In March 2007 the Government announced it would spend $20 million on two pilot clean-coal projects to reduce greenhouse gas emissions from power stations in New South Wales. On 27 September 2007 the Government announced that a $5 million pilot carbon capture plant would be developed through a joint initiative between Delta Electricity and the CSIRO. This pilot post-combustion capture facility will capture greenhouse gas emissions from the Munmorah Power Station on the State's Central Coast and is expected to be operational by mid-2008. It is hoped this project will provide the foundation for a large-scale, $150 million post-combustion capture and storage demonstration project in New South Wales that should be operational by 2013 and capturing more than 50,000 tonnes of carbon dioxide each year. The development of further coal export facilities at the port of Newcastle is in response to the increased international demand for the State's high-quality export coal. The new terminal will provide necessary infrastructure to help meet the future projected growth in our exports and ensure that economic benefits from the projected increase in global coal trade continue to flow to the State.
The Hon. Robert Brown:
It won't be a minute too soon.
The Hon. TONY KELLY:
True. On the prohibition on new coal-fired power stations and increasing renewable targets, I point out that the approach proposed in the Climate Futures Bill 2007 to reduce emissions from energy generation will be less effective and more expensive than those proposed by the Government. The bill addresses only one industry sector—coal-fired power stations—and mandates only one solution: renewable energy. The Government's initiatives, such as the New South Wales Greenhouse Gas Abatement Scheme, provide long-term low-cost solutions that are capable of being applied to a wide range of industries. The bill will result in greater costs than the Government's approach because it seeks to achieve emissions reduction by setting a higher target for renewables than that proposed by the Government.
In November 2006 the Premier announced mandatory renewable energy targets for the State's electricity companies and plans for a $220 million wind farm. Currently, renewable energy makes up around 6 per cent of the total energy used in New South Wales. Under the mandatory targets announced by the Premier, that figure will rise to 10 per cent by 2010 and to 15 per cent by 2020. This target was calculated to be achievable and not to impose excessive costs on electricity users. It was also designed to allow the emissions market to dictate investments in emissions reduction, which may include renewables but also may include other cost-effective options, such as energy efficiency or low-emissions technology. Finally, this market-based approach will allow the New South Wales renewable industry to develop to such a point where it is ready to scale up to meet any demand when national and international emissions trading regimes are finally established. The bill will not deliver cost-effective emissions reduction and will adversely affect coal industry workers and electricity consumers. The Government will not support the bill.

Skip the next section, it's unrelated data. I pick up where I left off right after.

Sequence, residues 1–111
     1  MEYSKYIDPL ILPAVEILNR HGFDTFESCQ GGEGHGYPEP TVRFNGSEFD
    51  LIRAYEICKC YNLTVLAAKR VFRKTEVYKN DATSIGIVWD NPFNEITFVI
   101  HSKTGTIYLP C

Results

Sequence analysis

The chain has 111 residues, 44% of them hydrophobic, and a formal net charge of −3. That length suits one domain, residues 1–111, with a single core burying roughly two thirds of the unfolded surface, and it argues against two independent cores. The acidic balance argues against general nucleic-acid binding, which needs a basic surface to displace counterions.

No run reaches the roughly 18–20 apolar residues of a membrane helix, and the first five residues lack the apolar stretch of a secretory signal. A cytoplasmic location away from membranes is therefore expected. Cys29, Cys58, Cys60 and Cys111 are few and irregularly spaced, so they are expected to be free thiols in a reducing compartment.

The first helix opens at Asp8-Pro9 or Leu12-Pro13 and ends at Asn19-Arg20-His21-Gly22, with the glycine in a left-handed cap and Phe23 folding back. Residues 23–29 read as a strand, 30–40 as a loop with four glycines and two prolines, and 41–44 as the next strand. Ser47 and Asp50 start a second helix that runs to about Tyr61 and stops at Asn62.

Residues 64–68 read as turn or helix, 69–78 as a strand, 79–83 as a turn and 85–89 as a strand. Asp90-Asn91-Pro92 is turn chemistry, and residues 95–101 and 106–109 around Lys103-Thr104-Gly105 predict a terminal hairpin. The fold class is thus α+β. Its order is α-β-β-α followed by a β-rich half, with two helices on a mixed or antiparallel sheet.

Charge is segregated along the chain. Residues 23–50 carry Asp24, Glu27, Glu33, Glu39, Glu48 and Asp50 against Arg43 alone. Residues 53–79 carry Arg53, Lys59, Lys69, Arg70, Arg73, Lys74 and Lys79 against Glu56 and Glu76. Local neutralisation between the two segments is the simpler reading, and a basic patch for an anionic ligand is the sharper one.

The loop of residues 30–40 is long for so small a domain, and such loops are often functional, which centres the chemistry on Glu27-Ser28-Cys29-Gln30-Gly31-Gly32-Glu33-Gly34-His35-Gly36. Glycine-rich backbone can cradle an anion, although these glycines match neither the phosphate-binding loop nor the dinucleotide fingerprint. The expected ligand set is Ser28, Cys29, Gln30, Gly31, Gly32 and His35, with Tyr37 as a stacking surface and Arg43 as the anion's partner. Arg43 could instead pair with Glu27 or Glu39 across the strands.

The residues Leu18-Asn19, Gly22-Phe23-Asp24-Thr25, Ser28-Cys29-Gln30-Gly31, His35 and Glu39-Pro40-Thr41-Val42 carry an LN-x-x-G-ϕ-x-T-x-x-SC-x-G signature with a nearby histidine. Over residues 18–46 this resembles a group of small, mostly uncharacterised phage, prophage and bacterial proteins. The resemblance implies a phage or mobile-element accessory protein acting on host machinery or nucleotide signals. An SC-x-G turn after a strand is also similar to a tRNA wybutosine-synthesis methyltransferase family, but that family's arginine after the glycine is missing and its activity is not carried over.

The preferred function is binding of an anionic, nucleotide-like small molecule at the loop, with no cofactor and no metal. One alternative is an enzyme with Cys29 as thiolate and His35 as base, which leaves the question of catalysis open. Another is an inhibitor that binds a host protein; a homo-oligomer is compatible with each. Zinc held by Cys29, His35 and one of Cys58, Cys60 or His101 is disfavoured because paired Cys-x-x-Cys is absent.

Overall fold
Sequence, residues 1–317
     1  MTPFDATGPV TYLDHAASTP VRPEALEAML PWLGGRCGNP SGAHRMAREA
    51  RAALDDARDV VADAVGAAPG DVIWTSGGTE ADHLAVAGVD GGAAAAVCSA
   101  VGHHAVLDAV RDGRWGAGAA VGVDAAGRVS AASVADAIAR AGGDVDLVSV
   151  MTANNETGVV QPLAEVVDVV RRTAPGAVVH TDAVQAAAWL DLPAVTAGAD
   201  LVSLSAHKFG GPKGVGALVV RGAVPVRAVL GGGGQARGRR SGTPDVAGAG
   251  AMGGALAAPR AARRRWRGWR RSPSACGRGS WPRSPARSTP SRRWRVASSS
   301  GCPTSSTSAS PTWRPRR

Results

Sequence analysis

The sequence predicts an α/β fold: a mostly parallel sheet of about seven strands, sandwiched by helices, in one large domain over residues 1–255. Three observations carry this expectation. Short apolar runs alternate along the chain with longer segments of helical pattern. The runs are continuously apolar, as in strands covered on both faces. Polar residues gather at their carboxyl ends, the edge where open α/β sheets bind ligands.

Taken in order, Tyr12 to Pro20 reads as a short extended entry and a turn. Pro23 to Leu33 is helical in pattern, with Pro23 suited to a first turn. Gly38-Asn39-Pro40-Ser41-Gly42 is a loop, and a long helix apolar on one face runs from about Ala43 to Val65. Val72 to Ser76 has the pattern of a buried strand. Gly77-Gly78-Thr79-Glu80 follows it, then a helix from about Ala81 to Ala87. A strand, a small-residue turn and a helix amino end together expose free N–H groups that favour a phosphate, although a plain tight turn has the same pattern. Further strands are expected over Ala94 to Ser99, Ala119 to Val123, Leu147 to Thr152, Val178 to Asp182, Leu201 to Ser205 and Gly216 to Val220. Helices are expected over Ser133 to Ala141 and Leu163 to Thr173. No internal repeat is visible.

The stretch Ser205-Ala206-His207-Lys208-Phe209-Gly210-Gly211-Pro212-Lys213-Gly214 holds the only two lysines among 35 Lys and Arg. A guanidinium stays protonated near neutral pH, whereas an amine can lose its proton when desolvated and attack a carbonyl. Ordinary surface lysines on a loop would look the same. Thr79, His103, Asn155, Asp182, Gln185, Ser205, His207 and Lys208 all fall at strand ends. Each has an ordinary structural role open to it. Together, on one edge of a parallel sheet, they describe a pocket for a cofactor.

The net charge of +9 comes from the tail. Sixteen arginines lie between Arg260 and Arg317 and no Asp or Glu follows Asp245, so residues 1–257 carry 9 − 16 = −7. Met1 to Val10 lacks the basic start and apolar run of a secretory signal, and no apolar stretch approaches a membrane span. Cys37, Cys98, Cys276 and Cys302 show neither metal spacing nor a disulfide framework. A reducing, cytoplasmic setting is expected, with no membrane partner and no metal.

The Hon. ROBERT BROWN
[2.48 p.m.]: The Climate Futures Bill 2007, which was introduced by Dr John Kaye, is an amazing bill. I am astounded that Dr John Kaye could believe, even in his wildest imagination, that responsible members of this House would ever support a bill that would cause so much damage to the people of the State, the people we are supposed to represent and whose interests we are supposed to protect. It is an outrageous bill. It is based on one view of global warming, the one that the Greens want to tout relentlessly.
I shall speak on climate change, particularly about whether it is a man-made problem. The Greens' mantra is that it is all our fault, that we should shut down the coal industry and stop the production of CO2
. I sometimes think that they are members of the flat earth society. They will not accept that theirs is not always the right view, let alone the only view. No-one argues that climate change is a fact. The cause of the phenomena is in question to almost everyone except the Greens. About a month ago I attended the Australian Environment Foundation conference in Melbourne and, strangely, did not see any Greens politicians in attendance or green non-government organisations even though members of those organisations were invited. That might have been because the views of those delivering speeches would not have been in accordance with what the Greens want everyone to believe.
Dr John Kaye:
Who are they?
The Hon. ROBERT BROWN:
The Australian Environment Foundation is a group that supports sound science in making environmental decisions, not like the many voodoo-logic green non-government organisations that seem to grow, flower, bloom—whatever the word is—in their hundreds, particularly in New South Wales.